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Year Later, Some Want More Distance Between Civilian Board and Police

Mary Cullen
Bloomington Public Safety and Community Relations Board Chairman Arthur Taylor and member Sally Rudolph at the board's quarterly meeting Wednesday, July 11, 2018.

Bloomington residents voiced concerns to the city’s Public Safety and Community Relations Board (PSCRB) at its quarterly meeting Wednesday, saying a lack of complaints points to too much police involvement.

The PSCRB is charged with educating the community about citizen complaints involving the Bloomington Police Department (BPD), as well as reviewing cases where a complainant was not satisifed with BPD's handling of their complaint.

The group was formed in July 2017. Since then, it has not received a single complaint.

“We’re happy (about) the fact that we don’t have any complaints, but we are here for the general public in case that there ever are,”  PSCRB Chairman Arthur Taylor said.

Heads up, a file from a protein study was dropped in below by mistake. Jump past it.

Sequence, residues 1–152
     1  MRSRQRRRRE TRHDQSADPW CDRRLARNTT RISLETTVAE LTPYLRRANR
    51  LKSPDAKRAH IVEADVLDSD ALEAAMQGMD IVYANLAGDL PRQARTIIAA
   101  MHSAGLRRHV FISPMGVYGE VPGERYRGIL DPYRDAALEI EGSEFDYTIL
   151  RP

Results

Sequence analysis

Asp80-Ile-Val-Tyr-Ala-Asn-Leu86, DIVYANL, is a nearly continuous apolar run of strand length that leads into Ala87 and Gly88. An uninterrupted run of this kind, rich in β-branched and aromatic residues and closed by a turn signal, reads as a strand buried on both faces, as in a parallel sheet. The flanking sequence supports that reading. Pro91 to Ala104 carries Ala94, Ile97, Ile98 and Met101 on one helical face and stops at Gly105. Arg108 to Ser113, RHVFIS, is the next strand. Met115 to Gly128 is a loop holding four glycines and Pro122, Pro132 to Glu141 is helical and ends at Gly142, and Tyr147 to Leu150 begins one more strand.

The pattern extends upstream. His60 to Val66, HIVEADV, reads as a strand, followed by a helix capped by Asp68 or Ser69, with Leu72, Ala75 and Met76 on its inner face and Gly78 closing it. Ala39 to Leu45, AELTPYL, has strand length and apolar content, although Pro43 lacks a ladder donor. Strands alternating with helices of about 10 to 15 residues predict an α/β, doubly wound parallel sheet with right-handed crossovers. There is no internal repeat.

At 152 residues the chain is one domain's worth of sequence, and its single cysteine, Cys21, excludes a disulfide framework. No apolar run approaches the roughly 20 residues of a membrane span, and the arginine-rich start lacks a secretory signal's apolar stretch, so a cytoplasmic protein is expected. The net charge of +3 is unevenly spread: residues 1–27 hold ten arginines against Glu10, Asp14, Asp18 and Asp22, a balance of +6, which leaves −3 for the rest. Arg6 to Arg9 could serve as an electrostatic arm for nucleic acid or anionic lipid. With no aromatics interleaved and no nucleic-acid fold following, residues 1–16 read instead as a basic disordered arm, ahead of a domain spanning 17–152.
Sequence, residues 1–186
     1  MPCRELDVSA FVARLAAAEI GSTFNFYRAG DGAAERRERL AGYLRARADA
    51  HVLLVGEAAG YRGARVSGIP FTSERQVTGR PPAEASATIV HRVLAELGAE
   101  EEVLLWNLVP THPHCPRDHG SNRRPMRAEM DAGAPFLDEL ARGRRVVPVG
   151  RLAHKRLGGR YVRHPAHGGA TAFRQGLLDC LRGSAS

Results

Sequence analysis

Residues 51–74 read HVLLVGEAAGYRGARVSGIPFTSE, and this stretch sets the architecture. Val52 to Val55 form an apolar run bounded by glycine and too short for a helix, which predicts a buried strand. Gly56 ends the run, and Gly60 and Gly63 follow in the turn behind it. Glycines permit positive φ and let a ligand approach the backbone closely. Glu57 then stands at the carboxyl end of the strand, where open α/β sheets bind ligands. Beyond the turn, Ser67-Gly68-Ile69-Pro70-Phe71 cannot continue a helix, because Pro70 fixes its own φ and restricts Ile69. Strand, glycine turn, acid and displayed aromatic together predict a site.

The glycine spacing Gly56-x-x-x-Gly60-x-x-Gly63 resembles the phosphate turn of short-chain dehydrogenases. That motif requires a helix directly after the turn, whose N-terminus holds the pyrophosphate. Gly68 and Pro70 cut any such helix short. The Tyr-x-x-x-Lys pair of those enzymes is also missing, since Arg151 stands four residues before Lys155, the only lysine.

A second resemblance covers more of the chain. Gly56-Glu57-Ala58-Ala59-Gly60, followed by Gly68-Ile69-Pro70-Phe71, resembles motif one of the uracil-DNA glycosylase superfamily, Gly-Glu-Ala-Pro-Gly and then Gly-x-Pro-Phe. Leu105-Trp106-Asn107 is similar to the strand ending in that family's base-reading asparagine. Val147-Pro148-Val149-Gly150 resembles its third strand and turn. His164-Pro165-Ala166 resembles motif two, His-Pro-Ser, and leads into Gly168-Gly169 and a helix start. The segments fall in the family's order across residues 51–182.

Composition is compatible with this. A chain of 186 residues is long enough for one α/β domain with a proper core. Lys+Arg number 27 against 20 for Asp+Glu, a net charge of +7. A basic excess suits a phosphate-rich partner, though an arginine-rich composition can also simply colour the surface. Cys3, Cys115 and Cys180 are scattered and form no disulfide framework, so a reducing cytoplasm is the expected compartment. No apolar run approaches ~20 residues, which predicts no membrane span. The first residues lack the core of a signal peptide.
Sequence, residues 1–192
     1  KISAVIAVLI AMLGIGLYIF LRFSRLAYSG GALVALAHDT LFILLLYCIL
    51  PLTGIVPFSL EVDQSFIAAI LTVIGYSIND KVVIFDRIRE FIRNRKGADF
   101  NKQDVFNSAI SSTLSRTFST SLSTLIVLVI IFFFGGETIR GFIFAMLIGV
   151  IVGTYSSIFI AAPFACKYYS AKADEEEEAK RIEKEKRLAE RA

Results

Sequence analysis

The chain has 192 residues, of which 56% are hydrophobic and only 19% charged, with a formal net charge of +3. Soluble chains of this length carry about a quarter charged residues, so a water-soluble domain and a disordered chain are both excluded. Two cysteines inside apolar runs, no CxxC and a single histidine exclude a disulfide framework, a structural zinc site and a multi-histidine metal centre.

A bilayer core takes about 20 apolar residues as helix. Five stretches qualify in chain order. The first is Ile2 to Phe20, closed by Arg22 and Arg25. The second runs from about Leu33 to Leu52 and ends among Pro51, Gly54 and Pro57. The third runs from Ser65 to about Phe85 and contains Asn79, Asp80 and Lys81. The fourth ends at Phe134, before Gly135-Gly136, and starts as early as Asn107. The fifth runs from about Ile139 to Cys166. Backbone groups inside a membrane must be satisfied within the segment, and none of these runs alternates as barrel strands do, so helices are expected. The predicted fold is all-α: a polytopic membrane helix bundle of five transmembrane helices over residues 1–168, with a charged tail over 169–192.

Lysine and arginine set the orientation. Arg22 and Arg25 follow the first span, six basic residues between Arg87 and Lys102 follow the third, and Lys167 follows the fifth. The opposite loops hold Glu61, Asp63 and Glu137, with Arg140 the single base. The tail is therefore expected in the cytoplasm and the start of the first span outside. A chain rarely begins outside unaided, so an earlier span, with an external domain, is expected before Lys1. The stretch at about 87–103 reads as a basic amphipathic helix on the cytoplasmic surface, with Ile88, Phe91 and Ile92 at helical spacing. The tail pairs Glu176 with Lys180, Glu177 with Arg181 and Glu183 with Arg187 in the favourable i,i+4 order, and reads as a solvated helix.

Comments at Wednesday's meeting show some residents think it’s time to take the training wheels off and distance the PSCRB from the police.

BPD helped establish the board. Just shy of a year later, Police Chief Clay Wheeler is listed as the only contact on the board’s webpage. Those offering public comment pointed to this as a reason why residents are discouraged from filing complaints.

Taylor said the board is still in its early stages.

“Part of our charge is to help educate the public that we are here, that the PSCRB is available to help review any complaints,” Taylor said. “And we have posters and brochures that have been spread throughout the community to help educate the public.”

The board also would not comment on Mayor Tari Renner’s request to include the PSCRB in the distribution of possible new policies and procedures for police interactions with federal immigration agents. Local residents and advocacy group members did, however, voice the need for community conversations before any permanent action is taken.

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